As far as regrets go, I don’t think I have actually held on to very many this year. There have been regrets, of course, like the loss of a friendship. That regret is for the loss rather than a failure or mistake on my part. Despite what the other party might say about the situation, I know that I did nothing wrong. I can mourn the loss of the relationship while not carrying the weight of regret over someone’s decision.

I would have preferred to have not herniated a disc, but it happened. Although it happened at a competition, I don’t regret my training or competing. I don’t regret the efforts it took to break all of those records that day and to set a couple of personal bests. I wish the injury hadn’t happened, but I think I am at the point where I can honestly say that I don’t regret it happening at all. The injury didn’t happen because of a personal failure. It just happened, and I am choosing to embrace it rather than continuing to wallow in misery over it.

I know that I am far from perfect, and I am more than willing to admit my faults. A year is a long time and memories tend to jumble together until the images are distorted. Smaller mistakes and regrets are most likely there, swirling among the debris, but I cannot pull many out for full examination.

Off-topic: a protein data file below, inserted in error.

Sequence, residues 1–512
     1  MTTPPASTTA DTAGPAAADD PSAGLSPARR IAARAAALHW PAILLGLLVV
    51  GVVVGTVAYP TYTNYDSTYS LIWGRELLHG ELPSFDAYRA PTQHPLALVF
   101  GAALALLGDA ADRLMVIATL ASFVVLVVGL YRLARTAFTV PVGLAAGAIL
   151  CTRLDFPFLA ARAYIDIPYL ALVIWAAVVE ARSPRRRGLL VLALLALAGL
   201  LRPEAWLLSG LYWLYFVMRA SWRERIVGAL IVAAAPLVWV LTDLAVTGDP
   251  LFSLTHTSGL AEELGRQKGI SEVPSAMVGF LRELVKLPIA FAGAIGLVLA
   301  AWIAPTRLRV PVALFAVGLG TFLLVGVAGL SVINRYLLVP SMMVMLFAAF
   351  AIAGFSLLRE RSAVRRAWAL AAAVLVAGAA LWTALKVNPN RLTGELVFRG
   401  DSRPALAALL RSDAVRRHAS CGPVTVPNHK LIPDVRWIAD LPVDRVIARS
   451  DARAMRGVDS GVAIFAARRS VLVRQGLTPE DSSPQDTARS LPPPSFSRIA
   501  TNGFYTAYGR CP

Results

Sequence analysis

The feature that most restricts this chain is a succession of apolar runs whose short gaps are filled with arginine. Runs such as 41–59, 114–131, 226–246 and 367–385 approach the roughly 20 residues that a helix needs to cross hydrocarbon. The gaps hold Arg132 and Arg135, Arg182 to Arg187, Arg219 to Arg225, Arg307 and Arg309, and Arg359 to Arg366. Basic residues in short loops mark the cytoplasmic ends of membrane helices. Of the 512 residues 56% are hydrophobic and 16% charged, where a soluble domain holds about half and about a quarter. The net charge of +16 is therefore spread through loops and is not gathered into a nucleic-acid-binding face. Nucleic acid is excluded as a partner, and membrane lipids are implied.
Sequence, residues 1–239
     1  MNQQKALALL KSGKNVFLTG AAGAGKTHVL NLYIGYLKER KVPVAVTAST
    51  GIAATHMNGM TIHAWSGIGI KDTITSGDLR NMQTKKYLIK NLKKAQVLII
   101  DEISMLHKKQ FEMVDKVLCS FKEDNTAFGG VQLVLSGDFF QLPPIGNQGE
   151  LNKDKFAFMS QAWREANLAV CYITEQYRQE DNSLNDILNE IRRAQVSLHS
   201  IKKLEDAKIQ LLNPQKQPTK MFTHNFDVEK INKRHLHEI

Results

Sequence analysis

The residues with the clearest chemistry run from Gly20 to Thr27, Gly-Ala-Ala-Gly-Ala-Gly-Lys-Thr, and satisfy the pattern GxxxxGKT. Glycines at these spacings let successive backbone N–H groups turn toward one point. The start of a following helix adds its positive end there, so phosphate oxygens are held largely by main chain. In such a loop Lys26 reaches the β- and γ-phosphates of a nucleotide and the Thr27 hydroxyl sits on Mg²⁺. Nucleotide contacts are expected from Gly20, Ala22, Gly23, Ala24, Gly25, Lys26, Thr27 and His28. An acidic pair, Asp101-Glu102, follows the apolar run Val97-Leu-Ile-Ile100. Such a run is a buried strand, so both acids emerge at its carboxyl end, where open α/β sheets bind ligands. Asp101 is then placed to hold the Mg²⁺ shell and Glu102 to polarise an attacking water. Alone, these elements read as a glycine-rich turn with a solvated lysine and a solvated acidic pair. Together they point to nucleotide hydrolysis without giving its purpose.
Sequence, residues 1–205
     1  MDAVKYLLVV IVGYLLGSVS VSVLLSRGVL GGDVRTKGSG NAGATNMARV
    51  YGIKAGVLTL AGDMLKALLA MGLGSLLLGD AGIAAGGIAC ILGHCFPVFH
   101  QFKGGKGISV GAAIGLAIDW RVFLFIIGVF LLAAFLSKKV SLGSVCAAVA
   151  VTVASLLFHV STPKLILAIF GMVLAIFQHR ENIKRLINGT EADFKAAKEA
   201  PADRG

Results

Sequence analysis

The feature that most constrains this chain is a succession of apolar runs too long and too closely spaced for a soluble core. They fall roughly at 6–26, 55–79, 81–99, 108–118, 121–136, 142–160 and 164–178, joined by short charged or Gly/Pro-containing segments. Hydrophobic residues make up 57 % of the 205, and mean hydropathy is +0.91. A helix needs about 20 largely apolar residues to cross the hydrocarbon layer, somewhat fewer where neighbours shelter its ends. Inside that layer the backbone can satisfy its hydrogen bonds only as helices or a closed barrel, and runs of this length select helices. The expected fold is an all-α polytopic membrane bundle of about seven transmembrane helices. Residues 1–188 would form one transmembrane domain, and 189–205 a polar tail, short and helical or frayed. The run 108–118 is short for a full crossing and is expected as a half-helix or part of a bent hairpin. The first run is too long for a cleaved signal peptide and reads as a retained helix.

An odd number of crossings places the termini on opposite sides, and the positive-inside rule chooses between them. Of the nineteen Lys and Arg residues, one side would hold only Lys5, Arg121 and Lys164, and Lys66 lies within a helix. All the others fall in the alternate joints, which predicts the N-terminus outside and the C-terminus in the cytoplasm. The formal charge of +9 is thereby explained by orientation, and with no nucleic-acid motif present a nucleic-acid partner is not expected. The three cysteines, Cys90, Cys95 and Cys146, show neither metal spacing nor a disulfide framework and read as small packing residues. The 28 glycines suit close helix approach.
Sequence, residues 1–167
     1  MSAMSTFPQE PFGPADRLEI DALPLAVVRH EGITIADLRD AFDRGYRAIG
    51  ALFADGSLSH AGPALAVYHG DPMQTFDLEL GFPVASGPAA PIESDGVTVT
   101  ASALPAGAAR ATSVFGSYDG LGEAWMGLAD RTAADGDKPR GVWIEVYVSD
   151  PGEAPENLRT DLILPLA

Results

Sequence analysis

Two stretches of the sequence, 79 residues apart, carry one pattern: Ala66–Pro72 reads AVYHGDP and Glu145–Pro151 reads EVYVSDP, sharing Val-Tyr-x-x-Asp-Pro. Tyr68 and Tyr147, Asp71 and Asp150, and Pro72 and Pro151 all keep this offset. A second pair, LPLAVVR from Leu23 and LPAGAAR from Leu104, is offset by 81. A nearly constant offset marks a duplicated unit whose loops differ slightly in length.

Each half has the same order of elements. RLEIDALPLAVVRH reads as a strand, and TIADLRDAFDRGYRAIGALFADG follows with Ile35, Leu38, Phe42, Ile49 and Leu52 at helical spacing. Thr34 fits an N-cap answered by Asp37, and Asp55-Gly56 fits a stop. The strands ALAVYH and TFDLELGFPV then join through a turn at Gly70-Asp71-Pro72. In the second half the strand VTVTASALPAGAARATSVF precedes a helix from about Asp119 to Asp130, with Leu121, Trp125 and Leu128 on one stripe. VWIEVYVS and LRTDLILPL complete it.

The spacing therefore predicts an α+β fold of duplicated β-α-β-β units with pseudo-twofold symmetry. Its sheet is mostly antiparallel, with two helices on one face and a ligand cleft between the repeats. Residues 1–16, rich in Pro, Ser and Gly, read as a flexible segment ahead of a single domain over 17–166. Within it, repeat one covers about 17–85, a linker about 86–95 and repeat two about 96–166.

However, there is one thing that I do regret and it is an action that I take sole responsibility for. In January, I thought it would be fun to see how long I could sit in a body weight squat. I stopped after 5 minutes, impressed with myself. Everything was fine until about a week later. All of a sudden my lower back hurt while squatting when I had never had back pain while training before. It turned out that my 5 minute squat had made my SI joints quite angry, and thus began many months of pain and suffering. I do regret that, but I learned a lesson. Do not sit in a body weight squat for a long period of time! Through the months of struggles, I was forced to learn other lessons that I might have preferred to avoid if given the chance, but I know I came out of those struggles stronger.

 

Enjoyment

Continuing the end of year reflection theme from No Side Bar that I began in yesterday’s blog post …

2. What did you enjoy doing this year?

2017 has been a difficult year for me in so many ways. What did I enjoy doing this year? That’s a question that requires grinding mental gears and peering deeply into the dark corners of my memories.

Yesterday I mentioned celebrating my 25th anniversary with my husband, and our little celebratory holiday was definitely something I enjoyed doing.

My most recent powerlifting competition was also highly enjoyable.